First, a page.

Even the most successful comedies rarely make more than $100 million to $200 million. It was simply unwise to spend that much money on it. Before the movie’s financial disappointment, Sony was planning a wide-ranging franchise spanning sequels, spin-offs, and even an animated series.

5 Could still succeed: The Conjuring

10 Horror Movies Based On True Stories

Some would argue that this one has already succeeded pretty admirably. It hasn’t broken as many box office records as the MCU and none of its movies have gotten audiences as excited as they were for Avengers: Endgame. But all of its movies have been box office successes, all ranking among the highest grossing horror movies ever made.

However, while the MCU is generally reliable for quality, The Conjuring universe is pretty up and down. For every Annabelle: Creation, there’s a The Nun. For every The Conjuring 2, there’s a The Curse of La Llorona. It’s always dependable horror fare, but it’s not breaking any new ground and it favors cheap jump scares over real suspense.

4 Failed: The Amazing Spider-Man

The Amazing Spider-Man

After The Amazing Spider-Man promised to be a gritty retelling of the Spidey origin story with never-before-seen details about Peter Parker’s parents and then turned out to be a marginally distinct rehash of Sam Raimi’s version, Sony planned its sequel The Amazing Spider-Man 2 as the inception of their own personal Marvel Comics universe.

But where Marvel Studios has a shared universe based on their whole back catalogue of Avengers, Sony was planning to make a whole cinematic universe based around Spider-Man characters. There were plans for The Amazing Spider-Man 3, The Amazing Spider-Man 4, a Venom movie, a Black Cat movie, a Sinister Six movie – even a movie about young Aunt May. Unfortunately for Sony, The Amazing Spider-Man 2 fared just a tad better than Spider-Man 3 and it became clear that audiences weren’t interested in seeing it turned into a tri-annual commitment.

3 Could still succeed: MonsterVerse

There have so far been two movies in Legendary Pictures’ MonsterVerse: 2014’s Godzilla and 2017’s Kong: Skull Island. They were both strong movies that harkened back to the classic era of monster movies that their predecessors were a part of. Both movies used modern CGI technology to breathe fresh life into their properties without losing the sense of awe and adventure that the originals had.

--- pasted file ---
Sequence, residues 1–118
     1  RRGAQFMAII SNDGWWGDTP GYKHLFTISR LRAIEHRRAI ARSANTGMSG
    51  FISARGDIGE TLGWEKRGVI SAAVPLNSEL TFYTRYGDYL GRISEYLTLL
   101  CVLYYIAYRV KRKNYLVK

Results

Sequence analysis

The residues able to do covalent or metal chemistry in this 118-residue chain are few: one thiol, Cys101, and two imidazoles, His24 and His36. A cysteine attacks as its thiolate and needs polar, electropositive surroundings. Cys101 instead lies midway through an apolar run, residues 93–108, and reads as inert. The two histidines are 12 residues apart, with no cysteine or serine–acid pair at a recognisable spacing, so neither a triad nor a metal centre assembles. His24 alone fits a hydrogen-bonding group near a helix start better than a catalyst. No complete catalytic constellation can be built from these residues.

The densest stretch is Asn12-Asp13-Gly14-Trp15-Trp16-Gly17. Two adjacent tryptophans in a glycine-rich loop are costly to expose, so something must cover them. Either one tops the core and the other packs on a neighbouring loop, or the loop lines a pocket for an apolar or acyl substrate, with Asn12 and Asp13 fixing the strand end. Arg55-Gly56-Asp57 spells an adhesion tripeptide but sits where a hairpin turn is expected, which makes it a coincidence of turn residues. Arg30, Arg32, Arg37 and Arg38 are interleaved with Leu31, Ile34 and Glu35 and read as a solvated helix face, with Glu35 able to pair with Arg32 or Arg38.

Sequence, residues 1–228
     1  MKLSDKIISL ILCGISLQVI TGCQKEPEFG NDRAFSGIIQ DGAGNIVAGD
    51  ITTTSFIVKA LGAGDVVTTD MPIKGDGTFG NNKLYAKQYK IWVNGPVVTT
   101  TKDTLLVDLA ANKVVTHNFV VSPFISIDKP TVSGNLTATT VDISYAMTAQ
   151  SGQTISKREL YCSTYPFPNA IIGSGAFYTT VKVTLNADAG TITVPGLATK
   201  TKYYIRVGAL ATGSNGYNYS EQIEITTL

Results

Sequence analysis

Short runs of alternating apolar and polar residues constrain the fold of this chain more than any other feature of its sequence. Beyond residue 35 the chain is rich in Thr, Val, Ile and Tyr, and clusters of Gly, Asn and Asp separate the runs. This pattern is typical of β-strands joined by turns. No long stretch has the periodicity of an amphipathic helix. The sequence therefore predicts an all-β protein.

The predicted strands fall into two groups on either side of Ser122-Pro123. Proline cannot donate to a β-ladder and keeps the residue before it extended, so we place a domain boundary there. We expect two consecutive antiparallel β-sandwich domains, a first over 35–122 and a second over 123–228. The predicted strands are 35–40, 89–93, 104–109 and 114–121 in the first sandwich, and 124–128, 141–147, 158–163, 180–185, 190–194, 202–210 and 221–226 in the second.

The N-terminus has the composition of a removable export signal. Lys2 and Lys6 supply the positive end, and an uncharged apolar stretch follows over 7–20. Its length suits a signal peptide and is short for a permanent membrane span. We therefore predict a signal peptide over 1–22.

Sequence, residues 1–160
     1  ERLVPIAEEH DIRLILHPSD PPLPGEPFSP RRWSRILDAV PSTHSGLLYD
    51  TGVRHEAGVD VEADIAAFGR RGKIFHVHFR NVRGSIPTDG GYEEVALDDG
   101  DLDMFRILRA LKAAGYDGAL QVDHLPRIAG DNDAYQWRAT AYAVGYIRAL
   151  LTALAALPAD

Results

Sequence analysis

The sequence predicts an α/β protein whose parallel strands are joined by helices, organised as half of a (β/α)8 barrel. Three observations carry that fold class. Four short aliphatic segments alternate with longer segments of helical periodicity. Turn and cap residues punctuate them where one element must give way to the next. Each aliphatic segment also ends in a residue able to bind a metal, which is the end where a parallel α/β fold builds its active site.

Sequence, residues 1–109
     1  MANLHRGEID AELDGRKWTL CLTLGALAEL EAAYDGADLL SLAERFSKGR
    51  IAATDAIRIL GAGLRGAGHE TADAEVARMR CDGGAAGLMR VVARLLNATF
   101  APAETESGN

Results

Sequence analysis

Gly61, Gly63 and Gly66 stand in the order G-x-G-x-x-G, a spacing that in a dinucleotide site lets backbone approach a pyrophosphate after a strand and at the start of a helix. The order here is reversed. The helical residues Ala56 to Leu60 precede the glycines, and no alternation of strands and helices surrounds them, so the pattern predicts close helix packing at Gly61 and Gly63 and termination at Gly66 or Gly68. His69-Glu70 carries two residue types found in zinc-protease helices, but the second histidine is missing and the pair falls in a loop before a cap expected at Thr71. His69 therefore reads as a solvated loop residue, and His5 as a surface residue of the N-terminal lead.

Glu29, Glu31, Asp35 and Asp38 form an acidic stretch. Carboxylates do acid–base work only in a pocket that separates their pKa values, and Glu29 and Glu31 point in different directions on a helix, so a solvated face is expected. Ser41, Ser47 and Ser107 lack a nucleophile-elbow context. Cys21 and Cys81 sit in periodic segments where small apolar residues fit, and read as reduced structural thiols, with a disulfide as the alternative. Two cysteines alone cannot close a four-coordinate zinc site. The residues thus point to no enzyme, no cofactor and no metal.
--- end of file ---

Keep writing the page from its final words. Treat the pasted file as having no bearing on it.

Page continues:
RELATED: Godzilla 2 Director Explains Godzilla & Kong's Different Connections to Humanity

Things are looking equally promising for this year’s Godzilla: King of the Monsters, which looks to be the MonsterVerse’s Iron Man 2 (read: the one that turns a couple of loosely connected movies into a firmly rooted movie-verse), while the highly anticipated crossover Godzilla vs. Kong will bust the whole thing wide open next year.

2 Failed: X-Men

The X-Men Movies In Chronological Order

With the rights to both the X-Men and the Fantastic Four, 20th Century Fox had a lucrative opportunity to have the secondary MCU. Fox’s Marvel universe could’ve been like the Winter Olympics to Disney’s MCU. Unfortunately, they just couldn’t make it work. They had a series that worked and then they introduced a new cast with a prequel and it went quickly downhill from there.

Fox wanted to have a series of X-Men Origins movies, but after the first one, X-Men Origins: Wolverine, was slated by critics and audiences, they were all called off. Fox couldn’t adapt to a post-MCU landscape and that’s why they’ve ended up selling most of their assets to Disney.

1 Could still succeed: DC Extended Universe

The DC Extended Universe came out of the gate as a pale imitation of the MCU, building on the modest success of Man of Steel and jumping head-first into world building and sequel setups with Batman v Superman: Dawn of Justice. Early on, the DCEU’s movies focused heavily on their interconnectivity and failed to stand on their own as movies.

They also suffered from the Zack Snyder house style. However, more recently, the interconnectivity has been softened in favor of standalone stories like Wonder Woman and Aquaman, which have been tremendously successful. As long as Warner Bros. continue to listen to the audience and focus on the characters that they actually like, then there’s hope for the DCEU after all.

NEXT: 4 Things The DCEU Is Doing Right (And 6 It's Doing Wrong)